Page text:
It’s a steamy summer afternoon in the Japanese city of Osaka, where a group of around 60 men and women have gathered for a session of “omiai,” or matchmaking, to find true love.
They mingle away, hopping from one end of the conference room at the Sakai Chamber of Commerce building to another as they assess potential matches – and the competition.
But this is no ordinary speed-dating event.
Few of the participants are talking about their favorite hobbies, movies or restaurants, or indeed, even about themselves. They are talking about their grown-up, still single children who they are hoping to match up and marry off.
One woman, in her 60s, speaks proudly of her 34-year-old son, a public elementary school teacher. A man in his 80s talks affectionately about his career-minded son, 49, who works as a controller at an electric company.
Each of the parents has forked out 14,000 yen ($96) to attend this event, hosted by the matchmaking agency Association of Parents of Marriage Proposal Information. And they are all hoping to meet someone just like them; a parent whose still single daughter or son might be the perfect match for their own lonesome child.
It’s not that Japan, a notoriously work-obsessed nation where time is at a premium, hasn’t tried out the more direct approach to speed-dating, where the youngsters do it for themselves. It’s more that leaving the young to it doesn’t seem to be working.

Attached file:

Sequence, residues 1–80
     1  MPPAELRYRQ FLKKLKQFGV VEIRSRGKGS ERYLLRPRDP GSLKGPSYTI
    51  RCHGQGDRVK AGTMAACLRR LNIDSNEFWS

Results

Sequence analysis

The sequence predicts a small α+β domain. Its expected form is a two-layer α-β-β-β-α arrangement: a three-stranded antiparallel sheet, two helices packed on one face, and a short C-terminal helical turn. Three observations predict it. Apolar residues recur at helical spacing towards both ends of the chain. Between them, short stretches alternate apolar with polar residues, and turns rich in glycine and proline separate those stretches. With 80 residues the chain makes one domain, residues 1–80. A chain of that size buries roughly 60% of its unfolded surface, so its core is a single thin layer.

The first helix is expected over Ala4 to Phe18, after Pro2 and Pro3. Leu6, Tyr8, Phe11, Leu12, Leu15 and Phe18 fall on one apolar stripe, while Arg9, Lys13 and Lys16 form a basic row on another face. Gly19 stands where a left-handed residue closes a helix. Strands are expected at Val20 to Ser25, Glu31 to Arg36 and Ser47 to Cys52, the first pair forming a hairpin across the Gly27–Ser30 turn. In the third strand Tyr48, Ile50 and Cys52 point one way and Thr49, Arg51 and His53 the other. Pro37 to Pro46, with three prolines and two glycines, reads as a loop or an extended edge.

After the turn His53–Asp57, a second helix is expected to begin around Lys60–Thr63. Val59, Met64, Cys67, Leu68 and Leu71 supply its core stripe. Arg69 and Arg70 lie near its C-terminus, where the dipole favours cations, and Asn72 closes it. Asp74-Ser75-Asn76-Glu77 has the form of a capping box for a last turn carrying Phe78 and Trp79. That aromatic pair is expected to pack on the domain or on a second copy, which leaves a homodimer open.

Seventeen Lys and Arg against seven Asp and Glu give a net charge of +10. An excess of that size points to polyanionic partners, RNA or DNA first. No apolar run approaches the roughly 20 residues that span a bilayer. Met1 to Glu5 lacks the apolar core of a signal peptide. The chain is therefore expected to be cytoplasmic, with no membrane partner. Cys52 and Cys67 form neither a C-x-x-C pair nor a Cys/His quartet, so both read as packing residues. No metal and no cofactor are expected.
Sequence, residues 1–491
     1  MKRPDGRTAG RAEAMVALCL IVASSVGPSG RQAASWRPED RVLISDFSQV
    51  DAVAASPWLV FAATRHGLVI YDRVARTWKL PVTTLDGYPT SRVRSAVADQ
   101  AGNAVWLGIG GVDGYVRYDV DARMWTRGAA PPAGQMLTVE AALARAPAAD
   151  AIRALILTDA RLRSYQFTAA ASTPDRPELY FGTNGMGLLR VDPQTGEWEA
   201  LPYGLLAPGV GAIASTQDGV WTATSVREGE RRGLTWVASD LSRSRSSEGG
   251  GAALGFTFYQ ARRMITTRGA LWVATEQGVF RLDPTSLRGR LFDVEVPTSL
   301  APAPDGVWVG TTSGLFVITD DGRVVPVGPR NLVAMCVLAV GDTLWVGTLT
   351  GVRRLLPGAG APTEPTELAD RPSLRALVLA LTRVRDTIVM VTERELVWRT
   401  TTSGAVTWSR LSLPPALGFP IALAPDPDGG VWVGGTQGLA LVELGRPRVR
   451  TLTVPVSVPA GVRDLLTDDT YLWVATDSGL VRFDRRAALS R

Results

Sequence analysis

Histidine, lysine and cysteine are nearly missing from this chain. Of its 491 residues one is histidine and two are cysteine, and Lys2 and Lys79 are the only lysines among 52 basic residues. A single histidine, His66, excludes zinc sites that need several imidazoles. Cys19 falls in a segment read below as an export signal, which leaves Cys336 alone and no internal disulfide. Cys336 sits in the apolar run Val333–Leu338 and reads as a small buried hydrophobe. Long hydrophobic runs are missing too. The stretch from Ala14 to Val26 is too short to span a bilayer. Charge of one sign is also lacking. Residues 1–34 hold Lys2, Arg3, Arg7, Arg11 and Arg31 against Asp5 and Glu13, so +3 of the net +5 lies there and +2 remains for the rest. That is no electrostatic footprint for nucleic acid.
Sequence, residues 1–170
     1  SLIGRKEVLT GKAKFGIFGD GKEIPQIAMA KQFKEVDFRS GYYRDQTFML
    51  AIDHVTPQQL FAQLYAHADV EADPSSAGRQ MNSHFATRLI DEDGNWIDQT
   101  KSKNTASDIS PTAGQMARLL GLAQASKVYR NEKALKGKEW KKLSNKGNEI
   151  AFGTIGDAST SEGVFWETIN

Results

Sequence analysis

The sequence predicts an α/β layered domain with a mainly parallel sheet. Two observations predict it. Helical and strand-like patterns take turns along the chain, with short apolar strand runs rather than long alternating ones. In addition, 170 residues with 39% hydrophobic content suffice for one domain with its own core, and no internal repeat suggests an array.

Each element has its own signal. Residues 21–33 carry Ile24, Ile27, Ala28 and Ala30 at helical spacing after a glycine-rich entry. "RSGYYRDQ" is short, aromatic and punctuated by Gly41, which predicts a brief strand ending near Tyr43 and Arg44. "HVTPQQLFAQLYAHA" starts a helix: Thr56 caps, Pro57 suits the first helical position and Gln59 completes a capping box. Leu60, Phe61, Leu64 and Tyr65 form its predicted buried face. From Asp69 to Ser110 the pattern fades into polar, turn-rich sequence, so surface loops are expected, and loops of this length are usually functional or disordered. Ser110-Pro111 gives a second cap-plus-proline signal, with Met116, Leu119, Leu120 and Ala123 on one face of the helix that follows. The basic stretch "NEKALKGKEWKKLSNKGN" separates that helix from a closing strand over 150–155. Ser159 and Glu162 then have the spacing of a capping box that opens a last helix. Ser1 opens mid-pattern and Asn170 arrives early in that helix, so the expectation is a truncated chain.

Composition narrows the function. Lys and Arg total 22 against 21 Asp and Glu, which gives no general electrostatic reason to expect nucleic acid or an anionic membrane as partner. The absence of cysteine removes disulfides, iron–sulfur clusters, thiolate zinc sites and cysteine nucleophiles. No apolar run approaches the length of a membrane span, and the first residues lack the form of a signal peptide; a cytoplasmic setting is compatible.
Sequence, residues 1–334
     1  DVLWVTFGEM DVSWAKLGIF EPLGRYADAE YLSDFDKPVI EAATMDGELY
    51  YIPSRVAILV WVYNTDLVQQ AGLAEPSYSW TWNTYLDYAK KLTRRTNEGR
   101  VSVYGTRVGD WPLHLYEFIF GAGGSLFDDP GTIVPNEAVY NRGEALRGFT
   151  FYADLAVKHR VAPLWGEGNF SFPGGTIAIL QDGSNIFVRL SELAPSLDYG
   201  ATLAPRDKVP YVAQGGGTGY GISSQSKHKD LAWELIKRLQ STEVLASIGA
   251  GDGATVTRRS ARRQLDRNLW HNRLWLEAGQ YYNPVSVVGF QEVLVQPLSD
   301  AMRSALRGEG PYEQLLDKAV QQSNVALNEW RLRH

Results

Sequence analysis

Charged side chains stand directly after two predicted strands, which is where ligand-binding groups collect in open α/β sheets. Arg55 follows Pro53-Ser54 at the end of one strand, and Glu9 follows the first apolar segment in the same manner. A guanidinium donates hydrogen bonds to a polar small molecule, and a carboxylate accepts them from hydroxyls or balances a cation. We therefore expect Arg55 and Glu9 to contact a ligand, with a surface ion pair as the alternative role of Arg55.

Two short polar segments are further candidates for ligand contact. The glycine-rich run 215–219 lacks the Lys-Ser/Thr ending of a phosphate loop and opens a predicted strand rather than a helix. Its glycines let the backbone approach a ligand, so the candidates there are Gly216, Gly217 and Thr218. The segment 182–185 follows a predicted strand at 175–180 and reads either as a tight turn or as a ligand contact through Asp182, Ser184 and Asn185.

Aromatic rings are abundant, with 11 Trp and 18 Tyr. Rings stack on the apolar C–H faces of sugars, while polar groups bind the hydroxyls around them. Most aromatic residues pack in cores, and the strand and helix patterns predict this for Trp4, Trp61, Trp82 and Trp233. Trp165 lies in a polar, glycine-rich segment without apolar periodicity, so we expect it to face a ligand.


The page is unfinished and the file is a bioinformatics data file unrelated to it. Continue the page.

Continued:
With rising living costs, poor economic prospects and the demanding work culture conspiring against them, fewer Japanese today are opting to get married and have children. Their parents, alarmed at their diminishing chances of grandchildren, are stepping in.
“The idea that it is okay for parents to help their children get married in this way has become more widespread,” said the company’s director Noriko Miyagoshi, who has been organizing matchmaking events for almost two decades.
In the past people might have been ashamed of coming to these events, she added.